process_used_memname="memory"coreThe current available memory for the JVMprocess_used_mem{name="process",} 4.6065456E7
process_total_memname="memory"coreThe current requested memory for the JVMprocess_total_mem{name="process",} 2.39599616E8
process_free_memname="memory"coreThe free available memory for the JVMprocess_free_mem{name="process",} 1.94035584E8
process_mem_rationame="memory"coreMemory footprint ratio of processprocess_mem_ratio{name="process",} 0.0
process_threads_countname="process"coreThe current number of threadsprocess_threads_count{name="process",} 11.0
process_statusname="process"coreThe process survivor status, 1.0 means survivorship, and 0.0 means terminatedprocess_status{name="process",} 1.0 System

sys_cpu_loadname="cpu"corecurrent system CPU Usage(%)sys_cpu_load{name="system",} 15.0
sys_cpu_coresname="cpu"coreavailable CPU coressys_cpu_cores{name="system",} 16.0
sys_total_physical_memory_sizename="memory"coreMaximum physical memory of systemsys_total_physical_memory_size{name="system",} 1.5950999552E10
sys_free_physical_memory_sizename="memory"coreThe current available memory of systemsys_free_physical_memory_size{name="system",} 4.532396032E9
sys_total_swap_space_sizename="memory"coreThe maximum swap area of systemsys_total_swap_space_size{name="system",} 2.1051273216E10
sys_free_swap_space_sizename="memory"coreThe available swap area of systemsys_free_swap_space_size{name="system",} 2.931576832E9
sys_committed_vm_sizename="memory"importantthe amount of virtual memory available to running processessys_committed_vm_size{name="system",} 5.04344576E8
sys_disk_total_spacename="disk"coreThe total disk spacesys_disk_total_space{name="system",} 5.10770798592E11
sys_disk_free_spacename="disk"coreThe available disk spacesys_disk_free_space{name="system",} 3.63467845632E11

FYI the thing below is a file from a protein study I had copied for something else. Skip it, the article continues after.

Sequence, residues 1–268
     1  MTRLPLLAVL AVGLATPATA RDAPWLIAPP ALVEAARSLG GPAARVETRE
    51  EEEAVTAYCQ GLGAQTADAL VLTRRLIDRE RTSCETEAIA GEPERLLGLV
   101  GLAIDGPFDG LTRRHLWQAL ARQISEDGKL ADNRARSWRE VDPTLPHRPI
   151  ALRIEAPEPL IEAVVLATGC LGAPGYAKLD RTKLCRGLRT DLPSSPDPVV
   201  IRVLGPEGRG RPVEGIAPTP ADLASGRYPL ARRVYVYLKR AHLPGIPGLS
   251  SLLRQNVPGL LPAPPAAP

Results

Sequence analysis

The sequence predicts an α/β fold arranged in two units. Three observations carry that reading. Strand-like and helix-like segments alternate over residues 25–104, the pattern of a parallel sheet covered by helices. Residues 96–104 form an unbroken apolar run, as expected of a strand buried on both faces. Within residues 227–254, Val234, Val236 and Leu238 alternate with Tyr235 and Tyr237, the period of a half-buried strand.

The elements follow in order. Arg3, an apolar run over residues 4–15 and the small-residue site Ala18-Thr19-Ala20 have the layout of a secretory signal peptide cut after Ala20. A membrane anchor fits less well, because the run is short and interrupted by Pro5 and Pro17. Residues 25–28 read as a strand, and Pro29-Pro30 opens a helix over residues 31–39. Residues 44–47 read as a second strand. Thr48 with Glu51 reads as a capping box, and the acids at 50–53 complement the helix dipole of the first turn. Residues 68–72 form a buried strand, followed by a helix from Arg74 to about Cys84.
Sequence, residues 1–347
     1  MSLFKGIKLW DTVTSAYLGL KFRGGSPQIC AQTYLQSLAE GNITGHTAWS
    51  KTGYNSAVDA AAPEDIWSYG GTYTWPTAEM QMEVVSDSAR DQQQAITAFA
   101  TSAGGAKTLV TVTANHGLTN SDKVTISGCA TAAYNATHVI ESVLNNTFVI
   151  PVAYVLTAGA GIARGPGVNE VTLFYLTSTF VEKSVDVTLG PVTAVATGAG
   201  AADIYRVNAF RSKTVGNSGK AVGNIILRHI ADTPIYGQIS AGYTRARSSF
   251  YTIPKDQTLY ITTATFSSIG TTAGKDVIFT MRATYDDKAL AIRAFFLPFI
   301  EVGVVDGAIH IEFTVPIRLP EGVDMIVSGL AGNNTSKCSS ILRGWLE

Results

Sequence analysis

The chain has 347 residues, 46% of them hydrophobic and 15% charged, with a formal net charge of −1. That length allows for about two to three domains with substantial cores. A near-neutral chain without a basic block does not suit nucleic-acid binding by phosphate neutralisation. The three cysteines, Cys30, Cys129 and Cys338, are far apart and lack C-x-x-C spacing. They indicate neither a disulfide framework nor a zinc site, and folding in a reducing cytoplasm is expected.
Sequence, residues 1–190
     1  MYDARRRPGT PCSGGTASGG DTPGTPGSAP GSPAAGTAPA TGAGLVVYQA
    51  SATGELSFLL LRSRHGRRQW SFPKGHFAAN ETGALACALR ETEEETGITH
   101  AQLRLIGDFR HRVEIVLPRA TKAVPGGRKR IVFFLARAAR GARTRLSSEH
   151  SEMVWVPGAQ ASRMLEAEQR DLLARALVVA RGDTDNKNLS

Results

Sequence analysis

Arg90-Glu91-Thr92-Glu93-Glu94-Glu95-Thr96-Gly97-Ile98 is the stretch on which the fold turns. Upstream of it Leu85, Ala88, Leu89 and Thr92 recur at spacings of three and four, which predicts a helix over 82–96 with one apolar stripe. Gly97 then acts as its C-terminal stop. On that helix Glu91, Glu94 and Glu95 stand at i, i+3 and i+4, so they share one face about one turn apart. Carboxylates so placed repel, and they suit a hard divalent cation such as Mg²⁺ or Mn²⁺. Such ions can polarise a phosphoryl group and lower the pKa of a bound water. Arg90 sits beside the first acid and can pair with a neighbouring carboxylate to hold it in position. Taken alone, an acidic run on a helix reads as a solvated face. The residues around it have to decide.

1.3.5. Add custom metrics

  • If you want to add your own metrics data in IoTDB, please see the [IoTDB Metric Framework] ( in new window) document.
  • Metric embedded point definition rules
    • Metric: The name of the monitoring item. For example, entry_seconds_count is the cumulative number of accesses to the interface, and file_size is the total number of files.
    • Tags: Key-Value pair, used to identify monitored items, optional
      • name = xxx: The name of the monitored item. For example, for the monitoring itementry_seconds_count, the meaning of name is the name of the monitored interface.
      • status = xxx: The status of the monitored item is subdivided. For example, the monitoring item of the monitoring task can use this parameter to separate the running task and the stopped task.
      • user = xxx: The monitored item is related to a specific user, such as the total number of writes by the root user.
      • Customize for the situation...
  • Monitoring indicator level meaning:
    • The default startup level for online operation is Important level, the default startup level for offline debugging is Normal level, and the audit strictness is Core > Important > Normal > All
    • Core: The core indicator of the system, used by the operation and maintenance personnel, which is related to the performance, stability, and security** of the system, such as the status of the instance, the load of the system, etc.